Magnog - "More Weather"
(Kranky 1998, CD KRANK022)

From Aural Innovations #6 (April 1999)

I've always been ambivalent about the low-fi wall-of-sound brand of spacerock. Some of it is pure droning volume (e.g., Bardo Pond) and I have trouble listening to it, never mind enjoying it. Magnog occupies that portion of the low-fi universe in which the clarity of the instruments makes the music listenable, displays a lot of good ideas, but is challenged by the difficulty of taking the music beyond directionless jams. The band is from Edmonds, WA and consists of Phil Drake on guitar and delay, Jeff Reilly on bass, guitar, moog, and vocals, and Dana Shinn on drums, moog, and vocals. More Weather is the band's second release and is a 2-CD set of 4-track demos from 1994-1996.

At it's best Magnog manages to capture the excitement of Syd-era Pink Floyd or raw jamming Guru Guru. The drumming is inspired and Drake is clearly capable of wrenching emotion from his guitar. On "Chopstick", for example, the spaceship guitar sounds are pure joy and Shinn brings a wild jazz rock element to his drumming. Unlike much of their music - which can be endless noise jams - the moods change dramatically throughout the song's 13 minutes. The bass is the weak link though, cranking out a limited set of notes in the plodding fashion of so many of the so-called shoegazer bands, and this is all the more noticeable given the strength that the guitar and drums can often display. A similar tune is "Ocean Floor Sleep" with its dreamy atmospherics navigated by the spacey echoed guitar. I love how Drake's guitar can be quietly spacey and trip along while Shinn wails away at his drum kit. It's a contrast that works well.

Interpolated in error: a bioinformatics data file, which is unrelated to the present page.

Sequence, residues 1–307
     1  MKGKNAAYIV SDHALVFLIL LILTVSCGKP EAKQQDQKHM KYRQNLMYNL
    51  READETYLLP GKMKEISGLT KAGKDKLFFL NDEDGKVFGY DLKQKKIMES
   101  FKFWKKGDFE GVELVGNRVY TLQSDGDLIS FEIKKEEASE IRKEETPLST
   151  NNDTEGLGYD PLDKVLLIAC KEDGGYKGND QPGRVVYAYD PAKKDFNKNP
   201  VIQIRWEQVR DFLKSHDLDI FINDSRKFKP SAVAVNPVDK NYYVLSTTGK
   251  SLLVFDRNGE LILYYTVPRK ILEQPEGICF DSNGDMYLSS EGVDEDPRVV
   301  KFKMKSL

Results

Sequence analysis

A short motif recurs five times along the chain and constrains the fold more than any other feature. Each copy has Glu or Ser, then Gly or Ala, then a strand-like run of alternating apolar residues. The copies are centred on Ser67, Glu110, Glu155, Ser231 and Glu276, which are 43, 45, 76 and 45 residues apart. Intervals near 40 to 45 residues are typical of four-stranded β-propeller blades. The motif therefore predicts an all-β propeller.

Magnog's improvisational abilities seem to work best on songs in the under 15 minute range where they aren't forced to develop the music too much. There are two epics however. "Mystery Goodness" is 31 minutes and "Signatures" is 22 minutes. In these instances we hear lots of good ideas that pop out inconsistently leaving me thinking they would have been pretty potent tunes had they been shorter. Nonetheless, "Mystery Goodness" has some scorching guitar work and at times sounds like freaked out droning free jazz.

This could have been a stronger set if they made it a best of their demos and limited it to one CD. There's definitely some interesting free jamming spacerock here, though I'd like to see a bit more variety. Still, for pure atmosphere this can be pretty strong stuff.

For more information you can visit the Kranky Records web site.

Reviewed by Jerry Kranitz

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